If you’ve ever been on the road to a village on the Greek countryside at night, chances are you’ve seen some small furry critters along the way. Sadly, many may be roadkill, but others are lucky enough to make it to their next destination. One of these larger in size wild beasts is the Golden Jackal, known by its scientific name as Canis aureus.
This sleek, long-legged, big pointy-eared creature with an estimated population of less than 1,500 in Greece, was until 1990 classified as a harmful species, according to the Arcturos Environmental Center. That’s why it was hunted in large numbers from 1974 to 1980 when some 7,000 of them were killed.
An opportunistic hunter that prefers snatching a meal digging through human garbage, the Golden Jackal with its actute senses of hearing and smell also hunts small pray including fish, snails, rodents, birds, insects, and more. Like the vulture, it acts as nature’s cleaning agent…feasting on dead animals. This may be why it was associated with the jackal-headed ancient Egyptian god of mummification and the afterlife – Anubis. But the jackal is an omnivore that also eats fruits and plants.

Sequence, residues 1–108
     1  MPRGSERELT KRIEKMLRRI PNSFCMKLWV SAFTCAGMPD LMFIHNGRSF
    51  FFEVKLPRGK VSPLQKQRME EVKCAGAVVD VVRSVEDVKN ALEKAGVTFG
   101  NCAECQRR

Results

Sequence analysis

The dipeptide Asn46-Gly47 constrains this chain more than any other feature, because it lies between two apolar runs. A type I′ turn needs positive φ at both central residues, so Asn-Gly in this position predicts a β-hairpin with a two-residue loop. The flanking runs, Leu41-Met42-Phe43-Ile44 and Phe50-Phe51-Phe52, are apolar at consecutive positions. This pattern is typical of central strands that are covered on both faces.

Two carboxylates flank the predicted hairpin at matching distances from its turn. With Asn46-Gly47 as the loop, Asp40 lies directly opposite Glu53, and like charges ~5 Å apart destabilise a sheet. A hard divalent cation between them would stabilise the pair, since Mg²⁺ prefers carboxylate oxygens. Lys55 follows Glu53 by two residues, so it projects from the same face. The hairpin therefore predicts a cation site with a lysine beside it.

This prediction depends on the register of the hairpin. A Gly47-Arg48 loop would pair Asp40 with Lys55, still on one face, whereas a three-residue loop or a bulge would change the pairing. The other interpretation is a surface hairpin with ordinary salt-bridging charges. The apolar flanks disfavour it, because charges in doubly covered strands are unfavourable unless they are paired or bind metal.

In Greece, the Golden Jackal congregates in small groups on the coast of Fokida, the Peloponnese, Samos, in eastern Macedonia and Thrace, Halkidiki, as well as a few other areas. Outside Greece, the Golden Jackal can be found in the Balkans, Asia, and Africa.
Greece’s Golden Jackal, like other wild mammals around the world, is threatened by human activity including hunting and habitat destruction from fires. If you’re not lucky enough to see one of these wild animals in real life, perhaps you may recognize one of their trademark howls, cackles, and whines they use to communicate with each other well into the night.